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Nov 24, 2015 07:33 AM EST

Scientists create strain of malaria-blocking mosquito


Researchers at the University of California claim that they have created a new strain of mosquito that could eventually help eliminate malaria, CNN reports.

The scientists in U.S. employed a gene editing technique to insert DNA into the germ line of the Anopheles stephensi mosquito.

The scientists discovered that the gene stopped the transmission of malaria through 99.5% of their offspring, according to a statement on the university's website. The scientists used the CRISPR gene-editing tool to change the genetic make up of the mosquitoes.

"This opens up the real promise that this technique can be adapted for eliminating malaria," said Anthony James, Distinguished Professor of molecular biology & biochemistry and microbiology and molecular genetics at UC's Irvine campus.

The research was published in the early online edition of Proceedings of the National Academy of Sciences, the statement said.

"We know the gene works. The mosquitoes we created are not the final brand, but we know this technology allows us to efficiently create large populations," James said.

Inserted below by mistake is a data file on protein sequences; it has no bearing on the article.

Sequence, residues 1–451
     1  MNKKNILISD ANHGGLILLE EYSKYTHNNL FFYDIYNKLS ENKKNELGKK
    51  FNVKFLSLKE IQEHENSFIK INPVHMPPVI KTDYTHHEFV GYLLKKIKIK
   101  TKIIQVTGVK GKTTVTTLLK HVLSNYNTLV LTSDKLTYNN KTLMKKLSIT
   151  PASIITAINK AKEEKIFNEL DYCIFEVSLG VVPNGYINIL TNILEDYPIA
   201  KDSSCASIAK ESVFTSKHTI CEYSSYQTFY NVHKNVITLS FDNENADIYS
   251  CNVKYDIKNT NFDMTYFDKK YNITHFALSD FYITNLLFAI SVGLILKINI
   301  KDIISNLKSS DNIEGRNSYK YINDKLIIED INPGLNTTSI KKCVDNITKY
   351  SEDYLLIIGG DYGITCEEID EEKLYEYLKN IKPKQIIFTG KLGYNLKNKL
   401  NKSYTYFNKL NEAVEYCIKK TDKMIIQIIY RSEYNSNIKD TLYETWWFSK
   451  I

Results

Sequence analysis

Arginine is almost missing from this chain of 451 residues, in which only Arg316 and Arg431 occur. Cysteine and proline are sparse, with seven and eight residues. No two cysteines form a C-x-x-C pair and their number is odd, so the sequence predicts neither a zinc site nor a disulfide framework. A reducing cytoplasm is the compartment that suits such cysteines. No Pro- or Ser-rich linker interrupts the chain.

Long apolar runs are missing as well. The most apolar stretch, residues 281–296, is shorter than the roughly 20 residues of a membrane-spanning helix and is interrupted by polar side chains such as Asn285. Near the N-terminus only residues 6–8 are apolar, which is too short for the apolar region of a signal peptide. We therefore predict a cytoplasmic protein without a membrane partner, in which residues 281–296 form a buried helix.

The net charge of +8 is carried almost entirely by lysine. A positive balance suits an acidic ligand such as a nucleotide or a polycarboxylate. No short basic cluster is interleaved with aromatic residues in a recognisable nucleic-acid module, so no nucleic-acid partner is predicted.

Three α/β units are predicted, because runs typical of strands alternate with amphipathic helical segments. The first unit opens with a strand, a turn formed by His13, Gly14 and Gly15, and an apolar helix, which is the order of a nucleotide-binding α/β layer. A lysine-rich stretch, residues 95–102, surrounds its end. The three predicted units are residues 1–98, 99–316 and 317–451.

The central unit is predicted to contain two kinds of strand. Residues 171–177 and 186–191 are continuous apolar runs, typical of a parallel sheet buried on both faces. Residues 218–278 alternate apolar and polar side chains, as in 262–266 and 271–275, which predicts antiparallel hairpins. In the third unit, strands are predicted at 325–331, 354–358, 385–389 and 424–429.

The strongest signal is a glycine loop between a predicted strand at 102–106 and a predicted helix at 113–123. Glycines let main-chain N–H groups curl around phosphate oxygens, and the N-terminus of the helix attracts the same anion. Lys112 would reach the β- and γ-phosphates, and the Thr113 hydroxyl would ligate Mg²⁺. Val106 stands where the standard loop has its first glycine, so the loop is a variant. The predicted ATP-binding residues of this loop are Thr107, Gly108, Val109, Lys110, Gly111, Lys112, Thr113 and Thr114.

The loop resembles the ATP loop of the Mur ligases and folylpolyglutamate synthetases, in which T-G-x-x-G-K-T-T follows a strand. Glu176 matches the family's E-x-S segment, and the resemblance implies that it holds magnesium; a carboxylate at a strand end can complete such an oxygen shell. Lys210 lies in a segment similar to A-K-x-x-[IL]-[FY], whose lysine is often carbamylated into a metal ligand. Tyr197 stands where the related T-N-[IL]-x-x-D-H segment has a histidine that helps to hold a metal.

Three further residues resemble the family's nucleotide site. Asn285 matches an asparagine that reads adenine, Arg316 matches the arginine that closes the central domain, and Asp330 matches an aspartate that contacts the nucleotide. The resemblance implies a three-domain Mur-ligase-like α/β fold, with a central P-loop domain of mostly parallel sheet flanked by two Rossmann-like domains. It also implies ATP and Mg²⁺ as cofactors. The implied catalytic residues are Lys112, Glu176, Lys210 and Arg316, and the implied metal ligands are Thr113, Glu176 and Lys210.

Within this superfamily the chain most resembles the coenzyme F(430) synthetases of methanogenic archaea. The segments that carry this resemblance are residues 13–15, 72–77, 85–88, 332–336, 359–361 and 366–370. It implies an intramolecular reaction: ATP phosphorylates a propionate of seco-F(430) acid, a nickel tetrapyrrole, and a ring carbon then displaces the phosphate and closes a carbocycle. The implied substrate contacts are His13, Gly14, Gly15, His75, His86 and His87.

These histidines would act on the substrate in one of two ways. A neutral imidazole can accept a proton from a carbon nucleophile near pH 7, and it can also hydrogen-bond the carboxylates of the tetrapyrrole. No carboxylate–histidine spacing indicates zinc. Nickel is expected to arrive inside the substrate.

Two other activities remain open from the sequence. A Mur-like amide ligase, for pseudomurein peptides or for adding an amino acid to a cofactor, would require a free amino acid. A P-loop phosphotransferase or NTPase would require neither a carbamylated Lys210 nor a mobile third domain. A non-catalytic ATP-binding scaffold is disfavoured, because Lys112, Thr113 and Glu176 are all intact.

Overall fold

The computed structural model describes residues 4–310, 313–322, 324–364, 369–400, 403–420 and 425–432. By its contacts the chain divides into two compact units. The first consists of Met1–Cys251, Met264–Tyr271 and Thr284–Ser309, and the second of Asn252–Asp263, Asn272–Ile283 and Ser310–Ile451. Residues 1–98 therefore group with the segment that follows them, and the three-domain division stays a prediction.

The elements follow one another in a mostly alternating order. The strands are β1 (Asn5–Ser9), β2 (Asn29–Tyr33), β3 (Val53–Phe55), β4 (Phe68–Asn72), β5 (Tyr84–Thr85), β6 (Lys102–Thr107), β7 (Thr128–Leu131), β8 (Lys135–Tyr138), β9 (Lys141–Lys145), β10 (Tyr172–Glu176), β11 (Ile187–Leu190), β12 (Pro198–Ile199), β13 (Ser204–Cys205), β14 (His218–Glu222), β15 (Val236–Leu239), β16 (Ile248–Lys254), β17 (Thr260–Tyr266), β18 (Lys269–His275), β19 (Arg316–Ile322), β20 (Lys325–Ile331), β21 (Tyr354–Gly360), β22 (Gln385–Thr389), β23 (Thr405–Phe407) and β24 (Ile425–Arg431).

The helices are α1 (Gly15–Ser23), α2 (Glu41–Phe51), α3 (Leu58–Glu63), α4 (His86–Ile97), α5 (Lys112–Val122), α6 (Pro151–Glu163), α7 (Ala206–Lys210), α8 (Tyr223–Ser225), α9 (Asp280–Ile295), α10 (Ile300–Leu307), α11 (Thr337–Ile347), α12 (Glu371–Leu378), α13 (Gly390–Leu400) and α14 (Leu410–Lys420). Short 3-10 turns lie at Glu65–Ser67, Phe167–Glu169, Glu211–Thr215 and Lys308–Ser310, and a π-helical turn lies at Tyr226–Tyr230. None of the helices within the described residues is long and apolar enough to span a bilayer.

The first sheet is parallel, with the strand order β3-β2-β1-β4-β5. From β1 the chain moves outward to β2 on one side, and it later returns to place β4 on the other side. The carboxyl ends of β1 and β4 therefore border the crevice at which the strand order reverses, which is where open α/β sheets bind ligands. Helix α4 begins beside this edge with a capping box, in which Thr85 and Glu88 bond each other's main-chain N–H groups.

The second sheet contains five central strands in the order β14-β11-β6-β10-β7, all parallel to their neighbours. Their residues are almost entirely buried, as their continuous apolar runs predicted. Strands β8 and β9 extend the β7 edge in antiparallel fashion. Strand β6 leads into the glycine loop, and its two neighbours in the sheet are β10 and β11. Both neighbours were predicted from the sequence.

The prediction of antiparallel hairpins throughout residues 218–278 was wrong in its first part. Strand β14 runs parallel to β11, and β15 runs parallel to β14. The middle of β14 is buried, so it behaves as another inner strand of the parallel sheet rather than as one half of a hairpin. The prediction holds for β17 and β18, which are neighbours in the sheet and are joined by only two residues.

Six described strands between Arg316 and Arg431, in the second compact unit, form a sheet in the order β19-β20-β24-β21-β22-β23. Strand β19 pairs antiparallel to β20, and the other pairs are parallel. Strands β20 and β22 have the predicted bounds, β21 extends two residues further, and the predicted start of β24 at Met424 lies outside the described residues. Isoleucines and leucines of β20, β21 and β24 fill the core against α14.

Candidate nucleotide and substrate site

Malaria is a deadly disease that's primarily transmitted through the bite of the female Anopheles stephensi mosquito. It's caused by Plasmodium parasites.

According to WHO figures released in September, around 438,000 people are estimated to have died of malaria this year.

One group of scientists last year said it created a strain carrying a gene which lead nearly all offspring to be male, which could cause wild populations to plummet, according to Yahoo News.

"In contrast, our much more flexible system only prevents mosquitoes from carrying malaria but can be used to do no harm to the mosquito. So it should generate the least amount of ecological damage," Bier said.

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